Monday, 24 August 2015


Making Betsy unsinkable has been an ongoing project.

Having tabbed in the new bulkhead under the carbon beam I set about filling Betsy, both fore and aft, with polystyrene foam and boxing it all in to create several watertight areas.

The theory goes that buoyancy is most useful and least intrusive to stowage when spread about to the extremities of the boat whilst leaving space for all the weight (water, food, equipment etc.) in the middle of the boat where it impacts least on pitching and rolling.

To that end, no pun intended, here begins the story...

Polystyrene foam has been shaped with a hot wire to fit the bow in an effort to leave as few voids as possible.

A lid laminated from two pieces of foam and fibreglass sandwich was cut to size using cardboard as a cutting template.

An aft end bulkhead made from the same material was tabbed in place using two pieces of 450 gm biaxial glass cloth, the first piece 60mm wide overlaid by a length of 120mm wide tape to give a generous overlap.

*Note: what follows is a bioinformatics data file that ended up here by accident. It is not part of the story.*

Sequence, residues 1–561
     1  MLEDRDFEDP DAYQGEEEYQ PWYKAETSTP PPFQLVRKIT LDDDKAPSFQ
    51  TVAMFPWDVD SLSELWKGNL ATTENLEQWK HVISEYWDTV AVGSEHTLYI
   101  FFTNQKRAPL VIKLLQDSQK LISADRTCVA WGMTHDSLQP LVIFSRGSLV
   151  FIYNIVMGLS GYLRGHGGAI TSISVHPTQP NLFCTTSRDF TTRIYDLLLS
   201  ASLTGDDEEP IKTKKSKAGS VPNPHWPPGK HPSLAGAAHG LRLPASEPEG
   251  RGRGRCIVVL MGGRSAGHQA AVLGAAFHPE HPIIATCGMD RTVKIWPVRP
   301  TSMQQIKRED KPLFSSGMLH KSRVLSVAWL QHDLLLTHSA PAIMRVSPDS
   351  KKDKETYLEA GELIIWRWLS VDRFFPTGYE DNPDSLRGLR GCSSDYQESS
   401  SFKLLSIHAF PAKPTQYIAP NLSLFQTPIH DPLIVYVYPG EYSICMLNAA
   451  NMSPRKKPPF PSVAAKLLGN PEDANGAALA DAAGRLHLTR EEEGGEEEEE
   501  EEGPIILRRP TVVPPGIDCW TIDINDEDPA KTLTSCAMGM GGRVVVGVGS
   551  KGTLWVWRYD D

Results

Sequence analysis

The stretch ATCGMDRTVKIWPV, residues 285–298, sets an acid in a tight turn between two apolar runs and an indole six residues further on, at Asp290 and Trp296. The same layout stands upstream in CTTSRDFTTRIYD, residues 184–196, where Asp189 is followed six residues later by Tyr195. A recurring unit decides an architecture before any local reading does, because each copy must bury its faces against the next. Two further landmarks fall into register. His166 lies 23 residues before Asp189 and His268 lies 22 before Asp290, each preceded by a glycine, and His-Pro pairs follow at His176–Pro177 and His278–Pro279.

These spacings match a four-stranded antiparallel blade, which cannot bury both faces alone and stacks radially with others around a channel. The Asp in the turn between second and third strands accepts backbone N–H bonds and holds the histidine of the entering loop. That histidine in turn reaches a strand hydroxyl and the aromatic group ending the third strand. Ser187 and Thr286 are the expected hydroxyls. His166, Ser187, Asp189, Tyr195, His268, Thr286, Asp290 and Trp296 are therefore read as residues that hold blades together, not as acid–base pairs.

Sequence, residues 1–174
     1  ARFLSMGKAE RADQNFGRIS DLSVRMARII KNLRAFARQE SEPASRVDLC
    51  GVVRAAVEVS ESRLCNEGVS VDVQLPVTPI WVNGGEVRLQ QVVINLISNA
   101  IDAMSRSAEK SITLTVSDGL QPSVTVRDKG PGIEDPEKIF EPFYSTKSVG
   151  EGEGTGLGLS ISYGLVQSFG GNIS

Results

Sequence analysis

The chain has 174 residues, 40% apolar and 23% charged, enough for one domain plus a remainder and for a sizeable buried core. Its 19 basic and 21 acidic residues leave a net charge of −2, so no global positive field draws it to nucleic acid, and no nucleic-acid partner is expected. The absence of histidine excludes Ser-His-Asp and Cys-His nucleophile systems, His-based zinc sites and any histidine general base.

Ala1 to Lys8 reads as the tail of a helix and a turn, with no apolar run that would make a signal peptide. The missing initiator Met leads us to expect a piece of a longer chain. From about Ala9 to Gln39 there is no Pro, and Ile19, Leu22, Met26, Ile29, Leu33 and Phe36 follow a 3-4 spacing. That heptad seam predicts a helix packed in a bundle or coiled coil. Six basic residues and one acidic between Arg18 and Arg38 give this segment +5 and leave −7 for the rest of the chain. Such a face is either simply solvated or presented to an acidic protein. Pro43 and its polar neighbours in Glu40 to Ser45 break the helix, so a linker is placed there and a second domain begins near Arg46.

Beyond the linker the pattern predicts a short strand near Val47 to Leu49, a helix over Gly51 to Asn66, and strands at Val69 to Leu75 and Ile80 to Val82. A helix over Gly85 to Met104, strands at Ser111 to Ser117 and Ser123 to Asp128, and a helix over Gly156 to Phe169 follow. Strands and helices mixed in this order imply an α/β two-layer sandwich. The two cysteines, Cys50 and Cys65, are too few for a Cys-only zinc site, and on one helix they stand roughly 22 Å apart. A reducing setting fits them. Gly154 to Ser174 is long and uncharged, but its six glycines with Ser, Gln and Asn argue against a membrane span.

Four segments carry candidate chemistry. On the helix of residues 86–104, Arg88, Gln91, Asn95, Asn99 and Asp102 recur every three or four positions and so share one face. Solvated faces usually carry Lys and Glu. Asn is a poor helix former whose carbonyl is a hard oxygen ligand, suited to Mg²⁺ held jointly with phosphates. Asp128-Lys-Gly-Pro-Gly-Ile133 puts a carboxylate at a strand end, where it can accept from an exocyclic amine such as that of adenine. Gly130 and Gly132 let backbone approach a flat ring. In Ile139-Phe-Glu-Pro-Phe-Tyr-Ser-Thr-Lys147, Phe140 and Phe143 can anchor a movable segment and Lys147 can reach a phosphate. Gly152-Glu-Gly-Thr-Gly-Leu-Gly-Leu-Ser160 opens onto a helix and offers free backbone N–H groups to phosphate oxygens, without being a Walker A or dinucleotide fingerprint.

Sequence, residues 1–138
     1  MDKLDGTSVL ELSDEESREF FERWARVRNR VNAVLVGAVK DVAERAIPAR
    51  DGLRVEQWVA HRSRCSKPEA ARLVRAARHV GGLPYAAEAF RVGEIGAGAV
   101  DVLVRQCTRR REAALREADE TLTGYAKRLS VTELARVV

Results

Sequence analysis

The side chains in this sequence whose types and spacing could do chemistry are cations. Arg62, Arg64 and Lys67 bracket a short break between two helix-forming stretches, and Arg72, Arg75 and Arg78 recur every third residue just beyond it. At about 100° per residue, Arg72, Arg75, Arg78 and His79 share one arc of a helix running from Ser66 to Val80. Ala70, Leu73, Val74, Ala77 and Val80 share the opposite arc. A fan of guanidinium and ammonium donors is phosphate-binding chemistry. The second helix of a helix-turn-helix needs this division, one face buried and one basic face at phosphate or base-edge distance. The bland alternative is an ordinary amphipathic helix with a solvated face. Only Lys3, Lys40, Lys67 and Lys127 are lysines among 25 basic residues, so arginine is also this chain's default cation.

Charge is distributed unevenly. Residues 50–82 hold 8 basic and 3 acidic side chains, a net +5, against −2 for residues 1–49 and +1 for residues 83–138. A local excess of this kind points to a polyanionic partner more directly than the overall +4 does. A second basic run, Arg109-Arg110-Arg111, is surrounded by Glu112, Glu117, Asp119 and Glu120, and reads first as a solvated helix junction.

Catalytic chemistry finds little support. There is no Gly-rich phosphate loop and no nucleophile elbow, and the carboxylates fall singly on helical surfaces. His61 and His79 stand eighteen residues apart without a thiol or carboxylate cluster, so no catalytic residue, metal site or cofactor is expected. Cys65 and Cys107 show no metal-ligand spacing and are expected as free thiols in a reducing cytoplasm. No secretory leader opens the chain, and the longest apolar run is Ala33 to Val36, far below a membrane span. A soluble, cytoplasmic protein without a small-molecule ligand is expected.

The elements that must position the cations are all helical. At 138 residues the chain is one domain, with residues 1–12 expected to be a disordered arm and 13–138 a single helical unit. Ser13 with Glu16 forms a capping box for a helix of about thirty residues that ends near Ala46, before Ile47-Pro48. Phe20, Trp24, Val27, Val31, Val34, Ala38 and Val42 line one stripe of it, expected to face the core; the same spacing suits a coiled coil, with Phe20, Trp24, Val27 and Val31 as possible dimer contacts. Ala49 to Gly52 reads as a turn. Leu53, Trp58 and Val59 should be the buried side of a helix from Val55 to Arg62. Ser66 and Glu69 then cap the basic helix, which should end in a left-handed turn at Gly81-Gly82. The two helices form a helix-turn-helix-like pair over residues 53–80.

With the polystyrene foam back in place the lid was glued on, filleted round and taped in place using the same cloth ratios.

Moving aft, the rather dead space under the cockpit sole has been treated to the same process. First the small void at the root of the rudder keg was filled with a two part polyester expanding foam, pour out equal volumes of each part, mix and pour "quickly" to avoid disappointment!

The excess foam that mushroomed out of the top was cut off with a long arm and a long saw! Various holes in the original plywood either side of the space were filled to create a watertight area. Then, more polystyrene foam...

Various gaps were plugged with wedges of polystyrene and more expanding foam, particularly the awkward space around the old stern tube. A plywood bulkhead was shaped to seal it all in but not before a seacock skin fitting was sealed to the end of the stern tube.

The buoyancy exercise continues with the two relatively shallow spaces beneath the after end of both quarter berths.

More cardboard templates were made, to minimise waste, before sandwich bulkheads and lids cut. All laminated in using the method described earlier.

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